World class facilities and resources
We admit the most academically able, and motivated students to our courses and provide them with inspiring teaching that’s world class. We’re also confident that we offer the best resources and facilities to support their learning.
You certainly won’t be short of libraries at Cambridge – the collegiate University has more than 100! They fall into three broad categories.
- College libraries – all Colleges have a library which contains the standard texts needed for your undergraduate course, along with other materials relating to your subject.
- Department libraries– the libraries in the faculties and departments offer more specialised collections of books, journals, periodicals and electronic resources for particular subjects.
- University Library – if you can’t find what you need in your College or department library, you can try the University Library (or UL). As one of the country’s six legal deposit libraries, the UL is entitled to a copy of every book published in the UK and Ireland and holds an enormous collection of materials printed overseas. Here you have access to more than eight million books, journals and other documents, written in more than 2,000 languages and ranging in age from 3,000 year-old manuscripts to the latest electronic articles.
To ensure you get the most from the University’s libraries, the UL and many of the College, faculty and department libraries offers practical sessions and one-to-one help. These include introductory tours, sessions to highlight the resources available for particular subjects and disciplines, and information skills classes giving tips and strategies for searching online.
If you’re looking for a specific title, library staff will be happy to help you locate it, or you can search the online catalogue (accessible from anywhere in the University).
For further information, visit the University Library website.
Computing and IT
Your College and department, together with the University Information Services (UIS), provide computing facilities to help you with your academic work. This includes a University email account, and access to central file storage for your work and for publishing web pages.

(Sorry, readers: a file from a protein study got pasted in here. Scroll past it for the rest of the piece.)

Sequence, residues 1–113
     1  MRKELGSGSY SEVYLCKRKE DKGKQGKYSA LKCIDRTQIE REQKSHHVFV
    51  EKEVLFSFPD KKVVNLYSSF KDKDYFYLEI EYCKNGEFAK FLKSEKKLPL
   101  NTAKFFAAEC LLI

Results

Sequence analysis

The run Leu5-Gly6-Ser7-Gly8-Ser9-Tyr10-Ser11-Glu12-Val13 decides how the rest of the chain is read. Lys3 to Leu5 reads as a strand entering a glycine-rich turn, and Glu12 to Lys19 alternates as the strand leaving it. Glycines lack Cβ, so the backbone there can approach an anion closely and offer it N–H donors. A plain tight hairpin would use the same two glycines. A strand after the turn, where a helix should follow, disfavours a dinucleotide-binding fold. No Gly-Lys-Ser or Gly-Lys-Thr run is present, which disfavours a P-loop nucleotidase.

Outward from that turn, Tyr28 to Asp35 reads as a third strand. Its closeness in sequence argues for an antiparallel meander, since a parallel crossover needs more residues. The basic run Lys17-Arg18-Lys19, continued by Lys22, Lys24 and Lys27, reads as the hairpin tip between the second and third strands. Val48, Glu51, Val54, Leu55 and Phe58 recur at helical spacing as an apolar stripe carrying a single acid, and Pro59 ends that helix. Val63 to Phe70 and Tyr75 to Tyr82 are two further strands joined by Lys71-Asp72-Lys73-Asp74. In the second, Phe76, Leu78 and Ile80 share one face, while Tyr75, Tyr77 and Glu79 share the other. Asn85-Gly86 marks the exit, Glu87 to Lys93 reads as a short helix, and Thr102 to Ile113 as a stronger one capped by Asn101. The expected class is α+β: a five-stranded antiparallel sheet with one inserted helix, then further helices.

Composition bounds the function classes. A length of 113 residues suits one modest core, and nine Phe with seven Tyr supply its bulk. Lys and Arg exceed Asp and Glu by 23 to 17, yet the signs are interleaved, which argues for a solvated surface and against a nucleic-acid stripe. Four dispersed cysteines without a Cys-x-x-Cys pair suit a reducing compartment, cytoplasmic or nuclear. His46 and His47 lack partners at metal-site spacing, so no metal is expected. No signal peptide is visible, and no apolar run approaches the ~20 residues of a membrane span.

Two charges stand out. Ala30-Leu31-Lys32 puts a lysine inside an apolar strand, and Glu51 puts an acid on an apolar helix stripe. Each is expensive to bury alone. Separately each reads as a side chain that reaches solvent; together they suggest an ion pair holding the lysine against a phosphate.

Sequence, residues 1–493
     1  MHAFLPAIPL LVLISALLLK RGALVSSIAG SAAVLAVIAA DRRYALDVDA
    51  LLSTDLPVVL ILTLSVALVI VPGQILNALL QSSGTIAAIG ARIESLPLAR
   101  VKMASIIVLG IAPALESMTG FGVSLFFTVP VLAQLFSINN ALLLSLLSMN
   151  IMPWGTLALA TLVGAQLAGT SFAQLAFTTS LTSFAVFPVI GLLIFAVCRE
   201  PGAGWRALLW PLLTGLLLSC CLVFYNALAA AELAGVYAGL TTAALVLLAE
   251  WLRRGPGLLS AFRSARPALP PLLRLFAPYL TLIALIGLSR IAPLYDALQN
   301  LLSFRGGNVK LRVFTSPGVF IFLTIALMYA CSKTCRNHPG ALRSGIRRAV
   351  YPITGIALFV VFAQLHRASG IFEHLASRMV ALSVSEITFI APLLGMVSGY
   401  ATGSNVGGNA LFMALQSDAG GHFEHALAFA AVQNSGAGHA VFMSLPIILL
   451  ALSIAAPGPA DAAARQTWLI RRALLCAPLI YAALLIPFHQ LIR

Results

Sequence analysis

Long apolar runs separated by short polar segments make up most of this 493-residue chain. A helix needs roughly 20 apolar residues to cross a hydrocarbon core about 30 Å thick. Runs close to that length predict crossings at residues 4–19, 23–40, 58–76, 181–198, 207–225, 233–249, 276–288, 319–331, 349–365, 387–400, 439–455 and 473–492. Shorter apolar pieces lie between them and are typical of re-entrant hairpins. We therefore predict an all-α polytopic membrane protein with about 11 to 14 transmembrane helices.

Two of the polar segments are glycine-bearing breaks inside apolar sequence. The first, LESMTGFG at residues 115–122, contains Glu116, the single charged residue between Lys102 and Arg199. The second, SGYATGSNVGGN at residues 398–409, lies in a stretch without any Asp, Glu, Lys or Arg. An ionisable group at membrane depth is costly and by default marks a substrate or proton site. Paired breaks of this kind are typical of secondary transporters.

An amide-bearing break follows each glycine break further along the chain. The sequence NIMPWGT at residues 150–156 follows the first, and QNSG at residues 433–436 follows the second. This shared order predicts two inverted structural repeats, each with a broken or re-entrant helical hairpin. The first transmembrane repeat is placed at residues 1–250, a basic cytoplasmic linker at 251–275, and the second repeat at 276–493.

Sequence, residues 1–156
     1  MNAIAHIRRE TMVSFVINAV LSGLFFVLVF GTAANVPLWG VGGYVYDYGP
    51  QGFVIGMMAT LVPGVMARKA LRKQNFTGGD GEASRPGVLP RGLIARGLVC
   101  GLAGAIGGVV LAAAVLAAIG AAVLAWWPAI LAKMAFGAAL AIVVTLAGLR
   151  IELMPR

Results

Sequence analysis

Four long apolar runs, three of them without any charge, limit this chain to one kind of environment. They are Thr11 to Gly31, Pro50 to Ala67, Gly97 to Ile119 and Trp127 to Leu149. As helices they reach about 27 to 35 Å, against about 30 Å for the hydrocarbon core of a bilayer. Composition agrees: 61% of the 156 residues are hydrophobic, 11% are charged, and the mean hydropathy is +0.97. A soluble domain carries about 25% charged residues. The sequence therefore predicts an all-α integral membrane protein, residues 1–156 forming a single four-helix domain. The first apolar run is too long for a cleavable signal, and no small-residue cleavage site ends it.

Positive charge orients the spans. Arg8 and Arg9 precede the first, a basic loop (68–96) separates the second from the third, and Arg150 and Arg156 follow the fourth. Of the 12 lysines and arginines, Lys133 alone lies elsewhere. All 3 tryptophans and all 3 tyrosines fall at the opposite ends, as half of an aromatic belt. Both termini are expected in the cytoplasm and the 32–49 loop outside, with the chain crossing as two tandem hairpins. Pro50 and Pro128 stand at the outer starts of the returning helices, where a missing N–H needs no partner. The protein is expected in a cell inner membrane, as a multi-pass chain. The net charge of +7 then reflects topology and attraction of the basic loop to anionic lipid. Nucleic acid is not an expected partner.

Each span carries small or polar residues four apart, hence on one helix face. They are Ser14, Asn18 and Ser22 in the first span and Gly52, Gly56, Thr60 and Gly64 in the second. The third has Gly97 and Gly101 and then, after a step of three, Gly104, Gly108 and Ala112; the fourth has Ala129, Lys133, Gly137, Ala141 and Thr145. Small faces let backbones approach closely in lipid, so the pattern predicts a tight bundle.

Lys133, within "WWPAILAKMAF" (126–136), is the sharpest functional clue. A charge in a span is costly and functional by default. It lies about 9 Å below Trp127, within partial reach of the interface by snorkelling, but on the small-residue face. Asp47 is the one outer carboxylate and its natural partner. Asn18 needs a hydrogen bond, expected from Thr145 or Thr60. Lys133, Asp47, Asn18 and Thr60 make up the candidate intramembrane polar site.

You can use your own computer, if you have one – most student rooms are connected to the University network and internet, and wireless hotspots are available throughout the University and Colleges. However, you don’t have to have (or bring) your own computer. All Colleges and many departments have computer suites of networked PCs and Macs, offering a range of general and specialist software, as well as printers and scanners.
Further to this, the UIS offers comprehensive support, including:
- a service desk and extensive online help information
- a programme of free training courses, ranging from introductory to advanced levels
- Assistive Technology advice and training for users with specific requirements
For further information, visit the University Information Services website.
The University’s Language Centre provides opportunities for all students, regardless of degree subject, to take up or continue learning a language.
- Taught classes – the Language Programme (CULP) mixes face-to-face and online tuition, with 14 languages currently offered from basic to advanced levels (general and academic language courses are available); and the Academic Development and Training for International Students (ADTIS) programme provides support in academic English for international students.
- Self-study – the Language Centre Advising Team offer one-to-one appointments to discuss learning strategies, formulate a learning plan, and can support you while you learn.
- Conversation hours – these are informal groups for students who wish to maintain and improve their conversation skills.
- Conversation Exchange scheme – language learners and native speakers are paired up in order to practise the new language.
- Resources – the range of static and interactive resources available from the Language Centre includes books, CDs, foreign films and online programmes.
As well as the above, the John Trim Resource Centre houses multimedia self-study resources in more than 170 languages (including English), from beginner to advanced level, and staff are available to help and guide users in their choice of materials.
For further information, visit the Language Centre website.
Museums and collections
Cambridge is extraordinarily fortunate in having nine specialist museums and collections, all of which are open to students and the public. These provide extensive resources for study and research, or simply for enjoyment.
The fascinating exhibits range from dinosaurs to modern art, and rock samples to Rembrandt. Even if none relate directly to your course, a look at the whale skeletons, classical sculpture or the totem poles from Vancouver has to add something to your time in Cambridge!